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One area that community banks continuously struggle with is Bank Secrecy Act (BSA) compliance. Just how can banks get compliance in this area right?

When planning your bank’s BSA-anti-money laundering risk assessment program, here are two steps to consider:

1.       Evaluate Specific Risk Categories

What specific products, services, entities and locations are unique to your community bank? Money laundering, finance terrorism or other illegal activities through a bank can arise from different sources. Interaction with customers (face-to-face vs. electronic banking) should also be considered. Your Bank Secrecy Act officer should highlight potential areas of high risk, and review any changes in risks in order to identify trends and emerging risk areas. Specific customers or entities may pose specific risks. Each category of customer should be evaluated to assess the level of risk. Higher-risk customers include money services businesses; casino and card clubs; dealers in precious metals, stones or jewels; and cash-intensive businesses such as convenience stores, restaurants, and retail stores.

2.       Evaluate Bank Customer Activities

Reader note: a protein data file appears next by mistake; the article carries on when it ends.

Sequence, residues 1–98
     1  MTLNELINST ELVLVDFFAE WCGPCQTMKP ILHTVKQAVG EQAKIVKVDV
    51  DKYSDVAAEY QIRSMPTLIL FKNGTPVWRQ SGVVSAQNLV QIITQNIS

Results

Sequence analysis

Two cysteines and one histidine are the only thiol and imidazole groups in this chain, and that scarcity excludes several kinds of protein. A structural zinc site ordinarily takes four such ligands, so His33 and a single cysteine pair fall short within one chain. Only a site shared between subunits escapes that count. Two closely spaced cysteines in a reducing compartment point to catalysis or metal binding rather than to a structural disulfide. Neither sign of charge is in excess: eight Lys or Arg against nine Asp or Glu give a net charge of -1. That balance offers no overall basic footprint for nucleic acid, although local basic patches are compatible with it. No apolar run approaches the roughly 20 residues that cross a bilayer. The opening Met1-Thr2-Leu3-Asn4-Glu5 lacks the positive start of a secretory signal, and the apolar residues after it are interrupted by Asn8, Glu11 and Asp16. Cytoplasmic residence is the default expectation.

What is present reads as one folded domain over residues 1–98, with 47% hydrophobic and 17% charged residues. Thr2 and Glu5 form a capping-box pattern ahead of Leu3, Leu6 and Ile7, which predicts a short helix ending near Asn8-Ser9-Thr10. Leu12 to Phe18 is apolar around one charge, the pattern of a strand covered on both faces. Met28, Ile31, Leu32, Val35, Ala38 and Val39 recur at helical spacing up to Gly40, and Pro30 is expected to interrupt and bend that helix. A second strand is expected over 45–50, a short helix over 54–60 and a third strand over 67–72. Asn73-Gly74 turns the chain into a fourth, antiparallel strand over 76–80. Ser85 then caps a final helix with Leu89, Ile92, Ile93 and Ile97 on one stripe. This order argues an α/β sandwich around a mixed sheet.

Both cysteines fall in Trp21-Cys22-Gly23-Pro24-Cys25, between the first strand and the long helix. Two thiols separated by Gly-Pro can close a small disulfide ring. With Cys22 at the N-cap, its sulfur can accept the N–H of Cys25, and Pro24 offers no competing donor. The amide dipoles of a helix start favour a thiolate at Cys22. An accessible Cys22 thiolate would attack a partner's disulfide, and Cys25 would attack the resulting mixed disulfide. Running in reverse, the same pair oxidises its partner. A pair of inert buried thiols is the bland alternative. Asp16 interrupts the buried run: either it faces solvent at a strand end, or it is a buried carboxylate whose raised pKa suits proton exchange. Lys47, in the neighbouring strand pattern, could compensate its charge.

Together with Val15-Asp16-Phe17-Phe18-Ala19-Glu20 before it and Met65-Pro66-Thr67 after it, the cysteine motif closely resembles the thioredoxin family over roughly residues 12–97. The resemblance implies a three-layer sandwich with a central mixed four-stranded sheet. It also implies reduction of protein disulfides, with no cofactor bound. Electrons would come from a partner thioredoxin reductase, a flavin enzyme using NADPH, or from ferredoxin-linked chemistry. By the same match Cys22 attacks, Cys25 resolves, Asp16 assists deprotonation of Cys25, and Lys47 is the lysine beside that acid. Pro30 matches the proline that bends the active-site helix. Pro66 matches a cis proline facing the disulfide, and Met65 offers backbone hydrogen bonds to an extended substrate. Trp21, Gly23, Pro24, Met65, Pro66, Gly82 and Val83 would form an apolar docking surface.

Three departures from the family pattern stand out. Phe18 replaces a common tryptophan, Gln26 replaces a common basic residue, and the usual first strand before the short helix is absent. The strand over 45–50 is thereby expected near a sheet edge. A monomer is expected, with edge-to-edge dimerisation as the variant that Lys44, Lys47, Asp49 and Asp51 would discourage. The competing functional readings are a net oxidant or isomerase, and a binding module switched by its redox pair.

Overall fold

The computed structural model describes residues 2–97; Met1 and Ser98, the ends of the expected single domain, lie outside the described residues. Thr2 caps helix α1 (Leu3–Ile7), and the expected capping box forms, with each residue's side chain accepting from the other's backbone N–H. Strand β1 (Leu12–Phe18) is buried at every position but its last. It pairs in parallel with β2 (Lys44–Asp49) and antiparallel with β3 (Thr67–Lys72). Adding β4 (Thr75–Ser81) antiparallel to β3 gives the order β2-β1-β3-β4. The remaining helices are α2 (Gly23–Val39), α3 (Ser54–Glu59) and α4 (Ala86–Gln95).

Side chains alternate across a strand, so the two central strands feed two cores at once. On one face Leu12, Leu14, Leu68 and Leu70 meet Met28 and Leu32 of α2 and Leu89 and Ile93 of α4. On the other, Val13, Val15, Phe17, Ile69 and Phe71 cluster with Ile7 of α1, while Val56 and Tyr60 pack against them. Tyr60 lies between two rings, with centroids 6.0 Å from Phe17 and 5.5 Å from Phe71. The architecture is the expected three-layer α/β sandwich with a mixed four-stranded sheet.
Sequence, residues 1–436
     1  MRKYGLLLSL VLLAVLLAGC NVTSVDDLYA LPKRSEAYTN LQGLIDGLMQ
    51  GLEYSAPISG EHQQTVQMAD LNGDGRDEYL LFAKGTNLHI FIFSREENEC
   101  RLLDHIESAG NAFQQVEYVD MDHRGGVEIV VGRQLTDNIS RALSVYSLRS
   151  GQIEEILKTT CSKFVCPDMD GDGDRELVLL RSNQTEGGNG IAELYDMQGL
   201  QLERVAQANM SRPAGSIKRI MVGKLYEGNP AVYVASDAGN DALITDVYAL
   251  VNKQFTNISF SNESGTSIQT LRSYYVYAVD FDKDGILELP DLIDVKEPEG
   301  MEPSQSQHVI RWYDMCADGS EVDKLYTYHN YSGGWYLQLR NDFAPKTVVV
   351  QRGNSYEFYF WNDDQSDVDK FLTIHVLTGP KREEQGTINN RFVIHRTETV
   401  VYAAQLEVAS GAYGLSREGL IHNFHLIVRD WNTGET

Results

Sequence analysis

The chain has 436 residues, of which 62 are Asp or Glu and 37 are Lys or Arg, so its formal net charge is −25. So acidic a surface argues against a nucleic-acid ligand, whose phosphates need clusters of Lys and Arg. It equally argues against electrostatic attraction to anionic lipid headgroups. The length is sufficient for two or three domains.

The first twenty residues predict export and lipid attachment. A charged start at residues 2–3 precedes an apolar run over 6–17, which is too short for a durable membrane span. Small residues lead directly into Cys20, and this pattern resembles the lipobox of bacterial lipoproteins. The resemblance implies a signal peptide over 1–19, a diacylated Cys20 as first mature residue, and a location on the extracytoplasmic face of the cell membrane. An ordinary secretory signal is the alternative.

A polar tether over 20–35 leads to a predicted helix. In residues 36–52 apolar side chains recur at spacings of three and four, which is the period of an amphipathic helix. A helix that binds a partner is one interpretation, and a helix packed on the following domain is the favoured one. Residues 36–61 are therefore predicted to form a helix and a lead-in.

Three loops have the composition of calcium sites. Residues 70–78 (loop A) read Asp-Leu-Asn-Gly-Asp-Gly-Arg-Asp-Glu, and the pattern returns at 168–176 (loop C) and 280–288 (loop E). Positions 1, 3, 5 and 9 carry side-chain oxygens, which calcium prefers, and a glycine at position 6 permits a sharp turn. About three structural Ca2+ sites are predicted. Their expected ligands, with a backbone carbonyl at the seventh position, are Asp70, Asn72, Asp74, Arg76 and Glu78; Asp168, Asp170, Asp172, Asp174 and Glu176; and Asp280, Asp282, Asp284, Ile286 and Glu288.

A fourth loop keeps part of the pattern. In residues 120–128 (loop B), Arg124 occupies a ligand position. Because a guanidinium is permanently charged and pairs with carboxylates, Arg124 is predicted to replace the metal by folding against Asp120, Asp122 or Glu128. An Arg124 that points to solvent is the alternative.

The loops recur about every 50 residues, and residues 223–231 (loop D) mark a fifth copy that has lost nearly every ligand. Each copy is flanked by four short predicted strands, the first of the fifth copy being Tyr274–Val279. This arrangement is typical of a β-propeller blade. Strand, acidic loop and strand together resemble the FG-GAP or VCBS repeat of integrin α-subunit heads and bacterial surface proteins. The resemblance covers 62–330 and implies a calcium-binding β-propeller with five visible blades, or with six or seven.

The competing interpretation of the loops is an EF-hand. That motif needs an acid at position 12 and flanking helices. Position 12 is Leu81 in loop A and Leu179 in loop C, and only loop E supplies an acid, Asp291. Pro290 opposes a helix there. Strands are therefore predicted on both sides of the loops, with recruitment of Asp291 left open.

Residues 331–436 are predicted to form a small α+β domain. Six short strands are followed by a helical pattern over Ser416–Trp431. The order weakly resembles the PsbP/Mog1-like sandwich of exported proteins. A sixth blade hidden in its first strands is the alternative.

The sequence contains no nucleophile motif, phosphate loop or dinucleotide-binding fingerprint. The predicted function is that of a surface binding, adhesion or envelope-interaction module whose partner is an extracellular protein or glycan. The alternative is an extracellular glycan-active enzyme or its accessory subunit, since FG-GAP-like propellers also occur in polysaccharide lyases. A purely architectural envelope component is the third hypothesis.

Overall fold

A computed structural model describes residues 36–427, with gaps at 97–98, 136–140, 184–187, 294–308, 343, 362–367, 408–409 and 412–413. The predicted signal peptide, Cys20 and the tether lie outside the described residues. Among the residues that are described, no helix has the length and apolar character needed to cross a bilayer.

Your Bank Secrecy Act officer should be able to separate customers by:

  • Groups and services and products used, and
  • Risk characteristics in relation to Customer Identification Program and Customer Due Diligence information.

This account analysis should consider the purpose of accounts, actual or anticipated number and type of transaction activity in accounts, the nature of a customer’s business or occupation, a customer’s location and the types of services he or she uses.

This two-step assessment process can help to ensure adequate monitoring on high-risk areas for potential money-laundering activity. Monitoring should ensure diligence for each combination of risk category and customer activity.

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